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Page:The Works of Lord Byron (ed. Coleridge, Prothero) - Volume 4.djvu/16

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himself to one branch or species of poetry. He tracked the footsteps now of this master poet, now of another, far outstripping some of his models; soon spent in the pursuit of others. Even in his own lifetime, and in the heyday of his fame, his friendliest critics, who applauded him to the echo, perceived that the "manifold motions" of his versatile and unsleeping talent were not always sanctioned or blessed by his genius. Hence the unevenness of his work, the different values of this or that poem. But, even so, in width of compass, in variety of style, and in measure of success, his achievement was unparalleled. Take such poems as Manfred or Mazeppa, which have left their mark on the literature of Europe; as Beppo, the avant courrier of Don Juan, or the "inimitable" Vision of Judgment, which the "hungry generations" have not trodden down or despoiled of its freshness. Not one of these poems suggests or resembles the other, but each has its crowd of associations, a history and almost a literature of its own.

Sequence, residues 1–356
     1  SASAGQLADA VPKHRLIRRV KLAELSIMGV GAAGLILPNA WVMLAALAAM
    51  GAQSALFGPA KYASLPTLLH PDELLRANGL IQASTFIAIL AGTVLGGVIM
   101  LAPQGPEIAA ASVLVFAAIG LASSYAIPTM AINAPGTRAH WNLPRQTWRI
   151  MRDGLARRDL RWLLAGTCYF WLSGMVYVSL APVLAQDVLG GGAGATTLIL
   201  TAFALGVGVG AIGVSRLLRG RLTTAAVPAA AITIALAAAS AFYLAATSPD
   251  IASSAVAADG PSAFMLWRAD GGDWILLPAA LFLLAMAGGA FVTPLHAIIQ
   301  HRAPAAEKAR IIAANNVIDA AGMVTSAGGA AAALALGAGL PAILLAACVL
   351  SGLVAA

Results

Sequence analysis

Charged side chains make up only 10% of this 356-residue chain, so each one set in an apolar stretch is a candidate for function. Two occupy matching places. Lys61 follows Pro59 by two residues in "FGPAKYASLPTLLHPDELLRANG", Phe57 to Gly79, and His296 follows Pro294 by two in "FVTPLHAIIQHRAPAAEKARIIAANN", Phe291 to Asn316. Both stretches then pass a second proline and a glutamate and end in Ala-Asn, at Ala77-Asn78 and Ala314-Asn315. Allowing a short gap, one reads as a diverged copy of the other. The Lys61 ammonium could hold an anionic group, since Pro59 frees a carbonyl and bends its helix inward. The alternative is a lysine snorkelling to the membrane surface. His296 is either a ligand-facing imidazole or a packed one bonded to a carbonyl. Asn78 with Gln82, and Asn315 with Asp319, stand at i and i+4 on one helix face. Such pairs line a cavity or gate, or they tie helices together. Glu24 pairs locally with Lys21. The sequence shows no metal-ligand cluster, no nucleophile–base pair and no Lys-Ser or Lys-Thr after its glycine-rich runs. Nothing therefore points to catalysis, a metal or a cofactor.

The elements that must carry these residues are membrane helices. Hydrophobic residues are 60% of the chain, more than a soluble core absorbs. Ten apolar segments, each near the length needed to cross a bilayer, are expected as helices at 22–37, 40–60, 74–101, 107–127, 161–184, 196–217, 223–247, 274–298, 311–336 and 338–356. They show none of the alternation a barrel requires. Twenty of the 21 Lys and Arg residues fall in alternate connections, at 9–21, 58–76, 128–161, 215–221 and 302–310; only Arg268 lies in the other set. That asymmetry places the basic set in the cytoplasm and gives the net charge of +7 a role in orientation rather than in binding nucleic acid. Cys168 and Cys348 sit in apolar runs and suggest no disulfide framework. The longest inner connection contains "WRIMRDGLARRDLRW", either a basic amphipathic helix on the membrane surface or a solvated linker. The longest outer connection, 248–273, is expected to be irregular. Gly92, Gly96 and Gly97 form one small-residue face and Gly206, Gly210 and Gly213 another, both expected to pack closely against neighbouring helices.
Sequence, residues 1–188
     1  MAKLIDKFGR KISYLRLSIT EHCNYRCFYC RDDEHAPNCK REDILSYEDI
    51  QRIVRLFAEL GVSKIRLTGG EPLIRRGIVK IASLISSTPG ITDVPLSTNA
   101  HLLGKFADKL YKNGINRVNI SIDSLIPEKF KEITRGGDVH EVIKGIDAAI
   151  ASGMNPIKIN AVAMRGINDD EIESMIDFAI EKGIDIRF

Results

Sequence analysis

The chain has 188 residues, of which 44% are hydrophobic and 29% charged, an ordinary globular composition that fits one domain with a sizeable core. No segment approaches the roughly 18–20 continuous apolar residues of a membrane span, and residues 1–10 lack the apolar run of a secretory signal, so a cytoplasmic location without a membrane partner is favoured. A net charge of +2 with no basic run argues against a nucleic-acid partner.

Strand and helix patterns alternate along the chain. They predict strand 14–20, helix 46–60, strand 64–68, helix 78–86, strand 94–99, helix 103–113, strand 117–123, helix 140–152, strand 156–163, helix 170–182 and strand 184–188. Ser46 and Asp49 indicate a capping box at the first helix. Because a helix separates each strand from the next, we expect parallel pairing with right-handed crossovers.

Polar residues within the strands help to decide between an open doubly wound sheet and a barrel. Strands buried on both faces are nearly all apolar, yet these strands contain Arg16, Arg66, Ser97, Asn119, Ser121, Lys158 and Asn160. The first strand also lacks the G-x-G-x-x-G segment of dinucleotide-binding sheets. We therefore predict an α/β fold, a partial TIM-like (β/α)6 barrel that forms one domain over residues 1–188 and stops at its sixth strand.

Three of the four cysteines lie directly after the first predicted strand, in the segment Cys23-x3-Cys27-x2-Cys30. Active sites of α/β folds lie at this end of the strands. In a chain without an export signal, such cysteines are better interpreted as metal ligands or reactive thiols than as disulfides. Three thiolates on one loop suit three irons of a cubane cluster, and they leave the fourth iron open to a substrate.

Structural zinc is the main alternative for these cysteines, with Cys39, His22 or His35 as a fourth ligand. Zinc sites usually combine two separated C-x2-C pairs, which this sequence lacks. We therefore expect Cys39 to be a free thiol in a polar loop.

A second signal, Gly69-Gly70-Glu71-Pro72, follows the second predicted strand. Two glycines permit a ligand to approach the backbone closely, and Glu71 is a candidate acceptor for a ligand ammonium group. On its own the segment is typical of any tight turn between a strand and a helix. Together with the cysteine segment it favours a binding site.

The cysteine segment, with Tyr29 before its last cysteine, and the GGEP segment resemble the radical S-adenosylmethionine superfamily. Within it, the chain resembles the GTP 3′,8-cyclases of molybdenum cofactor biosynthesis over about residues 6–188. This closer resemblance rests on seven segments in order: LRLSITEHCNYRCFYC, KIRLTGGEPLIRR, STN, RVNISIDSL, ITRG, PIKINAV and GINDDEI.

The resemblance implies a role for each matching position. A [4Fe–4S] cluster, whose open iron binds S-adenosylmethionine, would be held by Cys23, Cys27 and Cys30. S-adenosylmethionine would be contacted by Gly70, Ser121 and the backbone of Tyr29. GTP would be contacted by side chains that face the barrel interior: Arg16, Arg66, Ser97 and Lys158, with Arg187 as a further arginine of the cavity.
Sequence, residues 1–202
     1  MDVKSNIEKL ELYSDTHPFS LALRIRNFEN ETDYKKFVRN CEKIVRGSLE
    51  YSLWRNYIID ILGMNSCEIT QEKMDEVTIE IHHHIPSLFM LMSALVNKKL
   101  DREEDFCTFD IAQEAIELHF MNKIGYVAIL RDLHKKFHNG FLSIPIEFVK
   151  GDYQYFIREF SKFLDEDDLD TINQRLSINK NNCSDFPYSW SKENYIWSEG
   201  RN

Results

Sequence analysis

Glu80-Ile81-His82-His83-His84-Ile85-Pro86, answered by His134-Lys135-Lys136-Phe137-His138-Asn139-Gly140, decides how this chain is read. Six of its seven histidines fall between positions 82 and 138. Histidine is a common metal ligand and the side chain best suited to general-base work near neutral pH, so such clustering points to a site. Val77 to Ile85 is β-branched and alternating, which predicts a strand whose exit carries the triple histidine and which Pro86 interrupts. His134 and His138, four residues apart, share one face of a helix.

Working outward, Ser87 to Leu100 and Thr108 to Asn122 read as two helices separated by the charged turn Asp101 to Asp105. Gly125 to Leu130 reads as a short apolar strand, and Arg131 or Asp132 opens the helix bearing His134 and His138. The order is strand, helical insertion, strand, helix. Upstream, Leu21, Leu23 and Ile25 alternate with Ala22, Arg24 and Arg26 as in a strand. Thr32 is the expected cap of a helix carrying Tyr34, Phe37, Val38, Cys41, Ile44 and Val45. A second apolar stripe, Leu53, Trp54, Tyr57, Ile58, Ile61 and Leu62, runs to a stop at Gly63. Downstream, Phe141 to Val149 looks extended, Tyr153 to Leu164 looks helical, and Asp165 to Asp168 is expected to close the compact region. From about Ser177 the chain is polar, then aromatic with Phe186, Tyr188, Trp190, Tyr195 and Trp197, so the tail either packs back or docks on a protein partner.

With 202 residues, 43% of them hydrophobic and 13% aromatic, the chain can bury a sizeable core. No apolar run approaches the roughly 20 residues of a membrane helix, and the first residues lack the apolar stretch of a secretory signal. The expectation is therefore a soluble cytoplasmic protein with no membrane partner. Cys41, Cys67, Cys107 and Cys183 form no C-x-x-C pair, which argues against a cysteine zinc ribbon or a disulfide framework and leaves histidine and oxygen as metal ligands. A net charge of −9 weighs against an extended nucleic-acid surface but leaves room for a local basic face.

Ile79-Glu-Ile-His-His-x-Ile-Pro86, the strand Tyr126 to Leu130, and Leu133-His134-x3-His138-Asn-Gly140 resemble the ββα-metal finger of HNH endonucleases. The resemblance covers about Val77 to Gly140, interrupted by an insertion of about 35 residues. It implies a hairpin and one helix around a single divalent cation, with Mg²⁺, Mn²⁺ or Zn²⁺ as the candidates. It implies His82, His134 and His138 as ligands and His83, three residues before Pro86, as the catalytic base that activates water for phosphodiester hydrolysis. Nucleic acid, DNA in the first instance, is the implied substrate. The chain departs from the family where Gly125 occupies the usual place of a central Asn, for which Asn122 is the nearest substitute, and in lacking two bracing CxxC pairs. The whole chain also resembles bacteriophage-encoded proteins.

The whole of this volume was written on foreign soil, in Switzerland or Italy, and, putting aside The Dream, The Monody on the Death of Sheridan, The Irish Avatar, and The Blues, the places, the persons and events, the matériel of the volume as a whole, to say nothing of the style and metre of the poems, are derived from the history and the literature of Switzerland and Southern Europe. An unwilling, at times a vindictive exile, he did more than any other poet or writer of his age to